Jim Cramer: Roundy's Stock Ripe for Speculation
Fresh-faced grocer chain Roundy's is one small-cap spec play with little fanfare but plenty of upside potential, Jim Cramer said Friday.
The "Mad Money" host said the Midwestern supermarket brand — with its $440 million market cap — was right in the speculative sweet spot because of its "notoriously B.I.G." dividend and glorious 8.5 percent yield. Both are highly unusual for a small-cap company.
"That’s an incredible yield," he said. "Even if this stock flat-lines and goes nowhere, by reinvesting that dividend, Roundy’s would allow you to double your money in about eight years."
But Cramer doesn't think the stock is going nowhere. While the price only popped a meager 6 percent after the company filed its IPO back in February (priced at $8.50 a share), Roundy's has quietly risen an additional 21 percent in the aftermarket since then. And even with the soaring yield, he said, the payout is perfectly safe.
"Roundy's has more than enough money to foot the bill, and management is super committed to returning its cash to shareholders in the form of a bountiful payout."
Relative to other grocery store stocks, Roundy's 8.5 percent yield is approximately three times higher, but Cramer posited that the yield will go down once buyers discover the stock and push up the share price — just as it did with Cramer fave B&G Foods.
"In other words, when you value this one based on yield, it's incredibly cheap," he said. The classic stealth stock is also "insanely cheap" because of its tiny multiple, selling for just seven times earnings while most supermarkets trade at 10 times earnings.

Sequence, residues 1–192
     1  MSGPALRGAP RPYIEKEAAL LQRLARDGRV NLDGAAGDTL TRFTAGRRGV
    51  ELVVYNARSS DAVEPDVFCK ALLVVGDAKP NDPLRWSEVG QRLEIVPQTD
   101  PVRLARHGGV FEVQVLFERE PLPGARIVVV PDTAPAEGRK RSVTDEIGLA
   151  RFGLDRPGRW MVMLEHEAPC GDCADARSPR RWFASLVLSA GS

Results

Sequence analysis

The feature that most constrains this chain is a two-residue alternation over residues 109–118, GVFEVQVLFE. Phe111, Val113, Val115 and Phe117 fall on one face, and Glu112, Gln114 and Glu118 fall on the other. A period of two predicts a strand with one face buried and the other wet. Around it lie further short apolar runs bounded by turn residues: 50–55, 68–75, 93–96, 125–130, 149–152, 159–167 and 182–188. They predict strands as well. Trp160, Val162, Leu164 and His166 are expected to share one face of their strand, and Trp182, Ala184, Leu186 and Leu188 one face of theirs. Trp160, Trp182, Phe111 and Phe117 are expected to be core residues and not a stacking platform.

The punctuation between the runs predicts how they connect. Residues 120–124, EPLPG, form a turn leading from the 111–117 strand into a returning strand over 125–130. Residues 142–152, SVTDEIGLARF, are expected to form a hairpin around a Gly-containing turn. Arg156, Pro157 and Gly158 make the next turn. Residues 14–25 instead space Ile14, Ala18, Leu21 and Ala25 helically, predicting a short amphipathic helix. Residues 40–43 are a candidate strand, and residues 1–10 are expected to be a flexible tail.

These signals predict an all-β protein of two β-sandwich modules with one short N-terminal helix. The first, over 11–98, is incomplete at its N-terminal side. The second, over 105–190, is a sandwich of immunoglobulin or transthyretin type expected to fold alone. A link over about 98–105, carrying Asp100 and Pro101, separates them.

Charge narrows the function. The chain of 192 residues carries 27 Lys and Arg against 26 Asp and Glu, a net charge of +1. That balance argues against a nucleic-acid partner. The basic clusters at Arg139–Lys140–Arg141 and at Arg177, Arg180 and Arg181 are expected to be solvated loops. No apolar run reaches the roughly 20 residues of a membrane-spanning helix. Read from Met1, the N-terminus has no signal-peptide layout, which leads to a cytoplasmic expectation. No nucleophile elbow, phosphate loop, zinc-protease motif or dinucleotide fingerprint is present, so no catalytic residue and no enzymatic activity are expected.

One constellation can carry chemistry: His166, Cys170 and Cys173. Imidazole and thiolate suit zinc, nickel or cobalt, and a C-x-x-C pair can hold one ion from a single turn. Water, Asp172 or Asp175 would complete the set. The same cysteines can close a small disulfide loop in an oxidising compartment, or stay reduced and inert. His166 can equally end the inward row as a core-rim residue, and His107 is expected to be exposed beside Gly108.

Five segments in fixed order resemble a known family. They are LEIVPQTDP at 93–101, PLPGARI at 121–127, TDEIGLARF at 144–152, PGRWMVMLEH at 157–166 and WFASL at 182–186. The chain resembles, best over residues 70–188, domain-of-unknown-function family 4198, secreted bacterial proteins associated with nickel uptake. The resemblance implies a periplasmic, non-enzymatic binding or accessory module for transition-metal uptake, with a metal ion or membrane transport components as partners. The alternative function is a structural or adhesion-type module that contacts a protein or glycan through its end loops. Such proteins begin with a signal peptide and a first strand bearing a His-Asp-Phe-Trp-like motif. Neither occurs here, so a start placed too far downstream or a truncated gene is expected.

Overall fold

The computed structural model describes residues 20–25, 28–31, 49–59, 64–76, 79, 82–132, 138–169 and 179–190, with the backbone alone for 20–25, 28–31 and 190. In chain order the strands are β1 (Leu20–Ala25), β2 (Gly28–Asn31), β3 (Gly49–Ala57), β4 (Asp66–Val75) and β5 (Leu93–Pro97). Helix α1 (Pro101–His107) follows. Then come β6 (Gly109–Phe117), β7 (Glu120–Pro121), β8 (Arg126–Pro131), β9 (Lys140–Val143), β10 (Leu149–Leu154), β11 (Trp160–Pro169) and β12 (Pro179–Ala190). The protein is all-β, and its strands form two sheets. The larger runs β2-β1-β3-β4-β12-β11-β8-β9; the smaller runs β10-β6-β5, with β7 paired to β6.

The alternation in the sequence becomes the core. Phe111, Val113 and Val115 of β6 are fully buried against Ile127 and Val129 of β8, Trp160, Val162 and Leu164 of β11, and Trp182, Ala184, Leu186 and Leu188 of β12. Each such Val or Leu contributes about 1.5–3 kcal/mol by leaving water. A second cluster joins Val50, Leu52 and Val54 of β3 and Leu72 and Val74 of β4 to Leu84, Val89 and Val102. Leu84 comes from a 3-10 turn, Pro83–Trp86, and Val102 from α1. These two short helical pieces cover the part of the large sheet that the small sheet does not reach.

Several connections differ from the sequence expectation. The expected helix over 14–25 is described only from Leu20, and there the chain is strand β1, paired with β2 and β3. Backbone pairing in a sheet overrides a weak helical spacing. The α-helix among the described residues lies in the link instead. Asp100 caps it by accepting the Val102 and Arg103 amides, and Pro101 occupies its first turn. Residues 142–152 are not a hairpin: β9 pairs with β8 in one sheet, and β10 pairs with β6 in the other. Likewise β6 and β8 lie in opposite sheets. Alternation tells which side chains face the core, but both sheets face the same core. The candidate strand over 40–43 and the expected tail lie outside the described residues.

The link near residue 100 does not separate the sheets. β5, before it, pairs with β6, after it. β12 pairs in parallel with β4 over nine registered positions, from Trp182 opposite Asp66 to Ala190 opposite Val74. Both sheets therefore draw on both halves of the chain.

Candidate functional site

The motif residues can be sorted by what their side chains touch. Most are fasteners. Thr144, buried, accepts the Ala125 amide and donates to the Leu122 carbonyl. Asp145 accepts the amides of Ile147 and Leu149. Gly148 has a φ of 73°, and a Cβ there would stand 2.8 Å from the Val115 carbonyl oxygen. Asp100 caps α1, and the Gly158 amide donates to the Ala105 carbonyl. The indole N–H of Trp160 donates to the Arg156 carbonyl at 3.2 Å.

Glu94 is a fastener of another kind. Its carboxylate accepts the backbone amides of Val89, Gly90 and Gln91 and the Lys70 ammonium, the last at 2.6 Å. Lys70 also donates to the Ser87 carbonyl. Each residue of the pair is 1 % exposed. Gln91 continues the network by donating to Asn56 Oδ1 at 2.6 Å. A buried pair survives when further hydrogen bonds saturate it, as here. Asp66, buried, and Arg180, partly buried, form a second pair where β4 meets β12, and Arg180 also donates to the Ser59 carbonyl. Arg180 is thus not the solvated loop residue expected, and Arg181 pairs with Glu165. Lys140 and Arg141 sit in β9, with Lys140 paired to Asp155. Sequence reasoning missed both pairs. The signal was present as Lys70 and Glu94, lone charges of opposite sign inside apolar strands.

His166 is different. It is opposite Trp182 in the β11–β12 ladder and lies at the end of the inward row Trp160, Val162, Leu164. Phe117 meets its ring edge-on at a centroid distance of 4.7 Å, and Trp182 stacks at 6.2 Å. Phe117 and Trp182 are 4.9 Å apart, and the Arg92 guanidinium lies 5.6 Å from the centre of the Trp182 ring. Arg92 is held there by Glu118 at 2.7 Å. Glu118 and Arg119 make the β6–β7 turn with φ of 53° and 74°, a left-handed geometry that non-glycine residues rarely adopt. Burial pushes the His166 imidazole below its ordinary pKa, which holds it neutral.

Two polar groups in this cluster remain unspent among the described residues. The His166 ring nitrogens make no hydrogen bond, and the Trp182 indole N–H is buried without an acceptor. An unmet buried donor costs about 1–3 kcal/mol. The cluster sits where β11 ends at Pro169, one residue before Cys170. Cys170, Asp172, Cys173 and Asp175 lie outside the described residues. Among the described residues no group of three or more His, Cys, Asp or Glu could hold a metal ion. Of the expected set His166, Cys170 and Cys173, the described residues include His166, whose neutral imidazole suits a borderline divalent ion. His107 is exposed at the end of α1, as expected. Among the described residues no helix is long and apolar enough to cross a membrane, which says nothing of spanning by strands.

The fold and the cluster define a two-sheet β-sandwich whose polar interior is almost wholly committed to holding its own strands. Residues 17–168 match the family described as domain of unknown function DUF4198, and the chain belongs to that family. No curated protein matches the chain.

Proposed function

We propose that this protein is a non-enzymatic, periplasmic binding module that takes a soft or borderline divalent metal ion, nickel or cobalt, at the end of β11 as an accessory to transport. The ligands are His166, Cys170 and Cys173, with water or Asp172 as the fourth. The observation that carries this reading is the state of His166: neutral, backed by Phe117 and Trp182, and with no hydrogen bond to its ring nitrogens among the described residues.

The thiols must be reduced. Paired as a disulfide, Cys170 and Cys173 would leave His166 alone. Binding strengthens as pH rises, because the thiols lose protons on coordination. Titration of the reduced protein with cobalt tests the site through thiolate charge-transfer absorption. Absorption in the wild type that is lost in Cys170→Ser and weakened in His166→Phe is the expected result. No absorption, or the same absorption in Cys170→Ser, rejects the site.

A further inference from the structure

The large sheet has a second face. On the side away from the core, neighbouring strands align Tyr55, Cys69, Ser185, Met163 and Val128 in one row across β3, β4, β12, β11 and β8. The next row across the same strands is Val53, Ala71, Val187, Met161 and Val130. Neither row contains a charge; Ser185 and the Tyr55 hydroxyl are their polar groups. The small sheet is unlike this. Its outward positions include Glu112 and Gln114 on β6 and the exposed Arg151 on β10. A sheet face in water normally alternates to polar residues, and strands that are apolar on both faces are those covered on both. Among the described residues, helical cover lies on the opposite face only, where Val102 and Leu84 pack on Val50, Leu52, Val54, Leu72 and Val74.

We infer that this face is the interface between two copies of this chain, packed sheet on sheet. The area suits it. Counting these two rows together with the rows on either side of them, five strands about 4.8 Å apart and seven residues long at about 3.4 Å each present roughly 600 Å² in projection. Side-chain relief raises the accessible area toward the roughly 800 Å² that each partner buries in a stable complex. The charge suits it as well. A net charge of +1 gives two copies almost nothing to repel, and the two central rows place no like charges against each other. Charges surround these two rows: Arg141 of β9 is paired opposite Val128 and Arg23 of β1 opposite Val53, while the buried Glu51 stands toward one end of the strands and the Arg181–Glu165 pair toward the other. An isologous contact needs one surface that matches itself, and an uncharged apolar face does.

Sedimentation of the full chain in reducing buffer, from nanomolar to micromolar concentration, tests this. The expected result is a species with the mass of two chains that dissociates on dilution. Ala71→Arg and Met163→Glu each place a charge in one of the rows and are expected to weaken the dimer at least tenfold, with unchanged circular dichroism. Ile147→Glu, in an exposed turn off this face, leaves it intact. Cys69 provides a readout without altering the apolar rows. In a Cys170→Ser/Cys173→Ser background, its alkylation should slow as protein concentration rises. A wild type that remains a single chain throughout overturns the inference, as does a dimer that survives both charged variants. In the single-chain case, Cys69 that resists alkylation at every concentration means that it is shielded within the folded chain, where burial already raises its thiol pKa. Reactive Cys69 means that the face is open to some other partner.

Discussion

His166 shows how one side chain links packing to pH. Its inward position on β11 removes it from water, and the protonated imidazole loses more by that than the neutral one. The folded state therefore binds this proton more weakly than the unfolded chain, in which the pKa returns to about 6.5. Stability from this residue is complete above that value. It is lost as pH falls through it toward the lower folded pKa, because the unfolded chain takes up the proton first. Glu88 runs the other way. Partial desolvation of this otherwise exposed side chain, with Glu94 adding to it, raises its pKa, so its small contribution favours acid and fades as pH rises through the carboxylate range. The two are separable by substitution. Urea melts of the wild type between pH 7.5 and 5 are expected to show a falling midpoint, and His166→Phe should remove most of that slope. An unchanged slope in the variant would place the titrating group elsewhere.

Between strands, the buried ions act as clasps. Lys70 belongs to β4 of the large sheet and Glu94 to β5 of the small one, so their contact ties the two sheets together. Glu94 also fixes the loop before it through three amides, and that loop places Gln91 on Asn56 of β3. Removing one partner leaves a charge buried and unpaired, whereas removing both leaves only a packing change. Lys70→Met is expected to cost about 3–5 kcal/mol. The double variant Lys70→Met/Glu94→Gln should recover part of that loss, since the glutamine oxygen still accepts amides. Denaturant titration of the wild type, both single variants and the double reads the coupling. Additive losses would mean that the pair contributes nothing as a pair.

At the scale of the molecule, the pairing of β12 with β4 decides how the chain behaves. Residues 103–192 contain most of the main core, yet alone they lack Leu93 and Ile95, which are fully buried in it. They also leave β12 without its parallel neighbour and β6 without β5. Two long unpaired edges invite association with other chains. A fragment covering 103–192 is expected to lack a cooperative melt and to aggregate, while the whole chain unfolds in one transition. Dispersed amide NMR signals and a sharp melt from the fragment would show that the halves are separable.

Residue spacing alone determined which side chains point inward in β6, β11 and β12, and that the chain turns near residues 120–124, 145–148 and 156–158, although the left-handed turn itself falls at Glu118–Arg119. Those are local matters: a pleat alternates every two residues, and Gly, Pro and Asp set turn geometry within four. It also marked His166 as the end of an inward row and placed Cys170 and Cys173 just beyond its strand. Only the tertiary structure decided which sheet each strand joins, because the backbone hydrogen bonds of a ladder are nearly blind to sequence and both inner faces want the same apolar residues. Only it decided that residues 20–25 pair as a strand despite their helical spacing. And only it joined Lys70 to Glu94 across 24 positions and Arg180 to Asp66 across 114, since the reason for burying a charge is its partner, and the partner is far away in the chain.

Roundy's is also the leading player in a bunch of niche markets throughout the Midwest — boasting a 55 percent market share in its hometown of Milwaukee and more than 32 percent in Madison, Wisconsin. The firm continues to expand aggressively into Chicago.
"They really dominate these local markets by understanding exactly what their customer wants," Cramer said. "It's the polar opposite of the struggling national chains that are spread across the whole country and out of touch with the consumer just about everywhere."
He also expressed faith in the company's management, consisting of CEO Bob Mariano and CFO Darren Karst. Both were able to take Dominick's public back in 1996 and sell it to Safeway two years later for three times its initial price. "If they can pull off the same thing with Roundy's, then I bet you'll make a bundle," he said.
Next year, the company is expected to earn $1.49 per share. Cramer advised viewers to do their homework this weekend and get in on the buy before the stock starts gaining too much traction.
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